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Arthur S unlikely winner in Market Basket family feud, expert says

Market Basket third gen Arthur S Demoulas, who experienced huge staff and customer backlash when he fired his cousin from the helm of the family business, has come out on top in the long-running family feud, according to a family business expert.

Market Basket third gen Arthur S Demoulas, who experienced huge staff and customer backlash when he fired his cousin from the helm of the family business, has still come out on top in the long-running family feud, according to a family business expert.

The New England-based supermarket chain, which has annual revenues of $4 billion (€2.9 billion), became the target of staff-led rallies calling for Arthur T Demoulas to be reinstated after his ousting in a board vote led by his cousin.

In response, Market Basket employees quit their jobs and encouraged customers to boycott stores, costing the firm up to $10 million per day.

Local media reports up to 10,000 protestors attended one rally, urging that their beloved chief executive be reinstated.

After six-weeks of protracted negotiations, Arthur S, who was unable to find an outside investor, sold his 50.5% controlling stake to his cousin and rival for $1.5 billion.

Ted Clark, director of the Northeastern University Center for Family Business, however, believes that while both sides of the family have achieved their goals Arthur S came out on top.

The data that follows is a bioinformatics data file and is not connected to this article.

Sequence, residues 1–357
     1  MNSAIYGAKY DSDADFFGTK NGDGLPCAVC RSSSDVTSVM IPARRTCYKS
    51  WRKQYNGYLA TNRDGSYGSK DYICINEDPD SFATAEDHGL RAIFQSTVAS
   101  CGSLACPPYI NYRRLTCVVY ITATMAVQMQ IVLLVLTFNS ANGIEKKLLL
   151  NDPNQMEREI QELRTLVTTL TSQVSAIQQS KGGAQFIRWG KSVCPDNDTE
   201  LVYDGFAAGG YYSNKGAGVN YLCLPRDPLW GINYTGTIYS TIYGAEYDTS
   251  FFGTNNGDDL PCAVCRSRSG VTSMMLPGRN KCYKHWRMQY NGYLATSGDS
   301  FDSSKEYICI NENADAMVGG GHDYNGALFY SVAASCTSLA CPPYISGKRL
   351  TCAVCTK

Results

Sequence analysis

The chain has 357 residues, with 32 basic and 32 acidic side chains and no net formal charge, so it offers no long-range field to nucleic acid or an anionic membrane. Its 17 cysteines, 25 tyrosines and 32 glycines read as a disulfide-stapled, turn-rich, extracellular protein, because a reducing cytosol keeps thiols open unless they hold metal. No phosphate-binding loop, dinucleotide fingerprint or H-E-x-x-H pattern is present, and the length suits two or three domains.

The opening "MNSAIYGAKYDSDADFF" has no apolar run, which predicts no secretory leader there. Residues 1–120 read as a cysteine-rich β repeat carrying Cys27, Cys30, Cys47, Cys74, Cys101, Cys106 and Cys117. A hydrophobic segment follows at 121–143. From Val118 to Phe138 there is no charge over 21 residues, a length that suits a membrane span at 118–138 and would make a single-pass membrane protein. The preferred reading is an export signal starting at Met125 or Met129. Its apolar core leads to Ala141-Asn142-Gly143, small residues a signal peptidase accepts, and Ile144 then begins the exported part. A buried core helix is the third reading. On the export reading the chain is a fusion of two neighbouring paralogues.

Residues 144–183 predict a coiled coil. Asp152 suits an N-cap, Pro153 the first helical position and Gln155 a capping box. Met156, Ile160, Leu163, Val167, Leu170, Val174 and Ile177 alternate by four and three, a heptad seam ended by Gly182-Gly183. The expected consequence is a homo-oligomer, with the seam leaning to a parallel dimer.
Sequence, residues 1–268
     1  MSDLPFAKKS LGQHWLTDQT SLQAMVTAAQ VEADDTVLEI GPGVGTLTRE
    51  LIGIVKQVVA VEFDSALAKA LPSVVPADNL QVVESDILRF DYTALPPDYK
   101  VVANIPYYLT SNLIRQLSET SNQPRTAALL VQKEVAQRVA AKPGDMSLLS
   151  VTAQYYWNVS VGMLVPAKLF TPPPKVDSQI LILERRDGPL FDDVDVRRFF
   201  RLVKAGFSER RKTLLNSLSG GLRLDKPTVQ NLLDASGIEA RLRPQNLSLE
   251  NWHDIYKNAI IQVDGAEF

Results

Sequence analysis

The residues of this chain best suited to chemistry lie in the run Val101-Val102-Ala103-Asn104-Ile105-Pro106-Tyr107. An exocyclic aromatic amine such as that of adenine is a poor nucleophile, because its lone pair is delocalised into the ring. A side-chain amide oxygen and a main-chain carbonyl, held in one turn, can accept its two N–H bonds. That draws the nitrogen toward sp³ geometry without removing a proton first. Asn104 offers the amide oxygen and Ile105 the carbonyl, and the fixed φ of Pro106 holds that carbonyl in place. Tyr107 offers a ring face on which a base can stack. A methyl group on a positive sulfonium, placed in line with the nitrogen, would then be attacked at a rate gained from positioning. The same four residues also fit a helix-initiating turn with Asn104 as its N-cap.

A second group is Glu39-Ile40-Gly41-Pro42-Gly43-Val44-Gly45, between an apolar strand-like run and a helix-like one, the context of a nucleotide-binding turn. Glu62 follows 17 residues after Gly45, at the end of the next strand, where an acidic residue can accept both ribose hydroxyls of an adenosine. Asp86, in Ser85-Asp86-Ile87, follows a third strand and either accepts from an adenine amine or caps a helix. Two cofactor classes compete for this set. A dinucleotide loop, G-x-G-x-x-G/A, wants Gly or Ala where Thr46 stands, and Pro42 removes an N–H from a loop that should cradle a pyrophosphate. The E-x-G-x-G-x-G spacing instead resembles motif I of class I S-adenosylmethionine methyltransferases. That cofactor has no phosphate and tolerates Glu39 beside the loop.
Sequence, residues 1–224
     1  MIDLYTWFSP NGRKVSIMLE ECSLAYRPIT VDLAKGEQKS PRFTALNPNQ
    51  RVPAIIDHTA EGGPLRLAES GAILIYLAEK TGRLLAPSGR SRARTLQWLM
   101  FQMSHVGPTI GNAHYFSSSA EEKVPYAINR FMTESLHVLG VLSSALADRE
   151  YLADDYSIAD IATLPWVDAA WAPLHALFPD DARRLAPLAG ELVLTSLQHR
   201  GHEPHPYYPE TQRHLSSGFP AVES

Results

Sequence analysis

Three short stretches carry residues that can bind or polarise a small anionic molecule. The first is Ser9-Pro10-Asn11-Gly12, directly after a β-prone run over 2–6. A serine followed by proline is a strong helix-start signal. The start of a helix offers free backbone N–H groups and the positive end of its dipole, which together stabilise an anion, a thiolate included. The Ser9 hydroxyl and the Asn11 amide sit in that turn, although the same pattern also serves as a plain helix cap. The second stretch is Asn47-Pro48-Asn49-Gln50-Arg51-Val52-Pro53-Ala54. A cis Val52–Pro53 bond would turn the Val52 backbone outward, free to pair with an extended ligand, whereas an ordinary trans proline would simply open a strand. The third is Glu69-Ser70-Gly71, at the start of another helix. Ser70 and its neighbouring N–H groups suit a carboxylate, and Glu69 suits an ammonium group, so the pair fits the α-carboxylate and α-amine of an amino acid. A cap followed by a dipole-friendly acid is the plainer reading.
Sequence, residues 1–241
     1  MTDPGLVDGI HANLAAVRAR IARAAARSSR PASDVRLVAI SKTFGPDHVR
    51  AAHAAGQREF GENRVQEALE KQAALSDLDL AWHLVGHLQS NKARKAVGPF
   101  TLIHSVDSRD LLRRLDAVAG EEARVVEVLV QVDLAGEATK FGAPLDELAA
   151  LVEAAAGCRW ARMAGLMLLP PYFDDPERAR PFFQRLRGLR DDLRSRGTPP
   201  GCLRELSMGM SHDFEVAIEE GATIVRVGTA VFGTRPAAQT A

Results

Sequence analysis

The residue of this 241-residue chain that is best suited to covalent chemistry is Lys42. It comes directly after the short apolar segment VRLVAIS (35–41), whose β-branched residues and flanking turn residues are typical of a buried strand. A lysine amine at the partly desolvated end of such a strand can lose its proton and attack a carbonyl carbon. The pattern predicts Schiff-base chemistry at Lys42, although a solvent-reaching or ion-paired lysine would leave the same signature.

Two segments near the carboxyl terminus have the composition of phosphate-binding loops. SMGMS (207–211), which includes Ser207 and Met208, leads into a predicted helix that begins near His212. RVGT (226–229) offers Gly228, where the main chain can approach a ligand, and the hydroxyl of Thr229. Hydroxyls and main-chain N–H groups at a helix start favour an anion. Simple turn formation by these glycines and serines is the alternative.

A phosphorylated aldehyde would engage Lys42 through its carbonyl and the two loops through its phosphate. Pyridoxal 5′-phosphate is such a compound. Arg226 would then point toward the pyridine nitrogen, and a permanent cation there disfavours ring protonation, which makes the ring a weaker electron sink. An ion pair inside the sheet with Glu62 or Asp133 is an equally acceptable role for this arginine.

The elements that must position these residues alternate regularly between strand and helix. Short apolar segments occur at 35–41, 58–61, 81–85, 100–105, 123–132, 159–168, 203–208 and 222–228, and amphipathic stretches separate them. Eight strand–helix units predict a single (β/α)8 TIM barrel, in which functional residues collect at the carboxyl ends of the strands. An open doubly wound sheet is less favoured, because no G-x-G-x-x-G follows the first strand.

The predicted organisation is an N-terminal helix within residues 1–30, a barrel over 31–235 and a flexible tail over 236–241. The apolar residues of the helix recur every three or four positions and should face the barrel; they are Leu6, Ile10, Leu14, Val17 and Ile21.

“There’s been rumours in the press for a long time that Arthur S wanted to sell the business. He did that. He sold the business. And apparently he sold it at full price,” he said.

“Arthur T, on the other hand, who reportedly only wanted to buy a controlling interest, has instead bought the whole company and been saddled with $1 billion in debt and half a billion in equity financing.”

According to Clark, the enormous obligation could have a negative impact the very business model the employees were trying to protect, alongside a popular profit-sharing scheme that saw long-serving staff share in the firm’s success.

Supermarket analyst David Livingston of Supermarket Location Research agrees, but suggests that employees will accept the changes as long as Arthur T heads the company.

“I believe Market Basket will get back to at least 90% of the pre strike levels which is still very good. But no small regional grocer can take on $1.5 billion in debt and stay the same.  Employees have to understand that their jobs were saved by this debt and I believe they will willingly share the load,” Livingston said.

The analyst also questioned whether Arthur S will in fact go through with the deal, adding that there is a genuine possibility that the third gen is setting Arthur T and his employees up for further disappointment.

Yet while the future remains unclear, Clark believes that family businesses can learn a great deal from the Market Basket saga, suggesting that family business owners should maintain better relationships with managers and employees.

“Where Arthur T did a masterful job, the owners of the business did not create a strong relationship with customers or employees.”

According to Clark, media reports suggest Arthur T’s “well-oiled” reputation was assisted by a public relations company used to help manage his relationships with staff.

“Another lesson could be to ensure that the ownership of the business prohibits conflicts of interest between management of the business and owners of the business,” Clark said.

Now that Market Basket stores are almost fully restocked, the company has announced plans to open three of the five stores it had in developement before the employees began protesting. 

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